Arbitration scheme will lead to rise in recourse to law

A new arbitration scheme from Acas designed to stem the rising tide of
tribunal cases could lead to an increase in formal procedures, an expert has

The alternative dispute resolution scheme is set to come on stream this
month, some 18 months behind schedule. It is eagerly awaited by employers, who
face an increasing threat of legal action.

But Willy Coupar, director of the Involvement & Participation
Association and chair of the DTI’s Partnership Fund, said claimants were likely
to pursue arbitration as an alternative to an out-of-court settlement rather
than a tribunal hearing.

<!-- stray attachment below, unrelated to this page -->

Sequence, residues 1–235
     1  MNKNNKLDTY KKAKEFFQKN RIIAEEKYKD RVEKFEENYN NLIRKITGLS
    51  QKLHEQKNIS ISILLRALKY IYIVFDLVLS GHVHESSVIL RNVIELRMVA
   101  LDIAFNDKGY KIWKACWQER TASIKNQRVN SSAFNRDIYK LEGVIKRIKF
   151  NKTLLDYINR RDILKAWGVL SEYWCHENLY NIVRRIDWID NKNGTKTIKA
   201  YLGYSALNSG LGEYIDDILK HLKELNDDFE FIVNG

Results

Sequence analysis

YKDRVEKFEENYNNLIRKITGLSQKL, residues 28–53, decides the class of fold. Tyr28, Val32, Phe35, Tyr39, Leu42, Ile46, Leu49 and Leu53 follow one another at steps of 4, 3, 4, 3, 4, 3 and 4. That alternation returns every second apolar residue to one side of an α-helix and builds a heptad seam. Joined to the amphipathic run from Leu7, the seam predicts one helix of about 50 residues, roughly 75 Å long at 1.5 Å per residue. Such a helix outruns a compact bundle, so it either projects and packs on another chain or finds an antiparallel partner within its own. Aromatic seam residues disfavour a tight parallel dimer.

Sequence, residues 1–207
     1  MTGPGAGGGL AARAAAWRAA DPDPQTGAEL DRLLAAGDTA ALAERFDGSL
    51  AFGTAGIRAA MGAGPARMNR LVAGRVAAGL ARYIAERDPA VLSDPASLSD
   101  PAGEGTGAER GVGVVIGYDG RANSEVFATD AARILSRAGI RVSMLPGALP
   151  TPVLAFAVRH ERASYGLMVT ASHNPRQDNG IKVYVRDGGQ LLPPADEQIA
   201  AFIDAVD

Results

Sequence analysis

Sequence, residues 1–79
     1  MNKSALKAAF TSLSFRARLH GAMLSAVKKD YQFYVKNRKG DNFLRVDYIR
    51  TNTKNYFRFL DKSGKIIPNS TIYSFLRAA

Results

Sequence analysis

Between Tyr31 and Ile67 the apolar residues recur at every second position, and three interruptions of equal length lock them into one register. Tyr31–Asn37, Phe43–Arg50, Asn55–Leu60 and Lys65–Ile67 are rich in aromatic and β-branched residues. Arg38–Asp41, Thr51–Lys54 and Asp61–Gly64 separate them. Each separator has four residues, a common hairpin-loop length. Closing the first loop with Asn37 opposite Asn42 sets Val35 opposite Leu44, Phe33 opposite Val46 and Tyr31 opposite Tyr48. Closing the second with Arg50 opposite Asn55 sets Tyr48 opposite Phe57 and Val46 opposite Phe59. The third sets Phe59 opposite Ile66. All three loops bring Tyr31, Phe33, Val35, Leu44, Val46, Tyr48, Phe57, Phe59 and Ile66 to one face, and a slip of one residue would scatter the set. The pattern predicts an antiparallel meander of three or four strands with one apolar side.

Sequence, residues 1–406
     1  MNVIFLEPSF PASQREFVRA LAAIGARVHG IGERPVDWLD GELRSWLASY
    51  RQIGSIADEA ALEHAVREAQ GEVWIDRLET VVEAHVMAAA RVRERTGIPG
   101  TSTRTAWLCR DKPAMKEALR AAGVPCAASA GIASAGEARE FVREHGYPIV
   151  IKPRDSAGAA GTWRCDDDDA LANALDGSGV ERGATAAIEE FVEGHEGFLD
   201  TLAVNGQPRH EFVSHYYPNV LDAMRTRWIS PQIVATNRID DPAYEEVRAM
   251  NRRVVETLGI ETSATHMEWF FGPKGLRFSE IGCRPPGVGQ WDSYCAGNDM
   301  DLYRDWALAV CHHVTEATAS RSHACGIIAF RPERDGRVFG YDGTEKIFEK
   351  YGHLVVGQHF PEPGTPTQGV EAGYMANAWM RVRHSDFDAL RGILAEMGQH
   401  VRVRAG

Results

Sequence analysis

"A very large number of complaints never get to tribunal," he

"They are either resolved through Acas conciliation, are withdrawn or
are settled elsewhere. It is likely that the arbitration process will draw in
many of the cases presently resolved elsewhere."

Growth in the use of the law would continue, he predicted, and arbitration
would "add another option".

Arbitration will not be bound by legal precedent. Decisions will be binding
and confidential with no chance of appeal. The maximum £50,000 compensation for
unfair dismissal will apply.

Jerry Gibson, assistant director of operations at Acas, said despite the
lack of an appeal, employers backed the scheme. "The informality of the
hearings, the fact that it is an industrial relations solution as opposed to a
legal decision-making process and the fact that it is confidential may be

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